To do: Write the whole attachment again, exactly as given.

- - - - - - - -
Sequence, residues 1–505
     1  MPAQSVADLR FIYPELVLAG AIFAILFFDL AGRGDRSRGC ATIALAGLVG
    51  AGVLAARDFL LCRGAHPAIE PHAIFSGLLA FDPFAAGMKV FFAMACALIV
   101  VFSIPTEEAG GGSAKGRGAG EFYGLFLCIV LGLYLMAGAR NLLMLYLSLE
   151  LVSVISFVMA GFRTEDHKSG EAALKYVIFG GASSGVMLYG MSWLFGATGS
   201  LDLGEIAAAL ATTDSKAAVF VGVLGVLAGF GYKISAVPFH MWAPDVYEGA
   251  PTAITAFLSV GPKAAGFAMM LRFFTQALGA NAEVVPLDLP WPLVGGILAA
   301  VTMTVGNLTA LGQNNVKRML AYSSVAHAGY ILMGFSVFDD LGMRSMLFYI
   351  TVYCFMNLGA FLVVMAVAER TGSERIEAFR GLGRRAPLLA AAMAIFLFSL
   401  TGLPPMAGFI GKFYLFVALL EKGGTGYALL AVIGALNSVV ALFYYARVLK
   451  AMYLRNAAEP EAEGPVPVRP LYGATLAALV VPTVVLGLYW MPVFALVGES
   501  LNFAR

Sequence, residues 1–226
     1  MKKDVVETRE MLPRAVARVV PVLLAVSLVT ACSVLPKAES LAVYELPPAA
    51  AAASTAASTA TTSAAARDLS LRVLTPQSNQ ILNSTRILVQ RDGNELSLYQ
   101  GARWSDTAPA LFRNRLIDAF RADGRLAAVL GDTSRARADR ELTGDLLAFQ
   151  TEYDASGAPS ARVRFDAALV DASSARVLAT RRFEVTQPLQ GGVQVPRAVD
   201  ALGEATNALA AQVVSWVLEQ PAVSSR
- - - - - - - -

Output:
Sequence, residues 1–505
     1  MPAQSVADLR FIYPELVLAG AIFAILFFDL AGRGDRSRGC ATIALAGLVG
    51  AGVLAARDFL LCRGAHPAIE PHAIFSGLLA FDPFAAGMKV FFAMACALIV
   101  VFSIPTEEAG GGSAKGRGAG EFYGLFLCIV LGLYLMAGAR NLLMLYLSLE
   151  LVSVISFVMA GFRTEDHKSG EAALKYVIFG GASSGVMLYG MSWLFGATGS
   201  LDLGEIAAAL ATTDSKAAVF VGVLGVLAGF GYKISAVPFH MWAPDVYEGA
   251  PTAITAFLSV GPKAAGFAMM LRFFTQALGA NAEVVPLDLP WPLVGGILAA
   301  VTMTVGNLTA LGQNNVKRML AYSSVAHAGY ILMGFSVFDD LGMRSMLFYI
   351  TVYCFMNLGA FLVVMAVAER TGSERIEAFR GLGRRAPLLA AAMAIFLFSL
   401  TGLPPMAGFI GKFYLFVALL EKGGTGYALL AVIGALNSVV ALFYYARVLK
   451  AMYLRNAAEP EAEGPVPVRP LYGATLAALV VPTVVLGLYW MPVFALVGES
   501  LNFAR

Sequence, residues 1–226
     1  MKKDVVETRE MLPRAVARVV PVLLAVSLVT ACSVLPKAES LAVYELPPAA
    51  AAASTAASTA TTSAAARDLS LRVLTPQSNQ ILNSTRILVQ RDGNELSLYQ
   101  GARWSDTAPA LFRNRLIDAF RADGRLAAVL GDTSRARADR ELTGDLLAFQ
   151  TEYDASGAPS ARVRFDAALV DASSARVLAT RRFEVTQPLQ GGVQVPRAVD
   201  ALGEATNALA AQVVSWVLEQ PAVSSR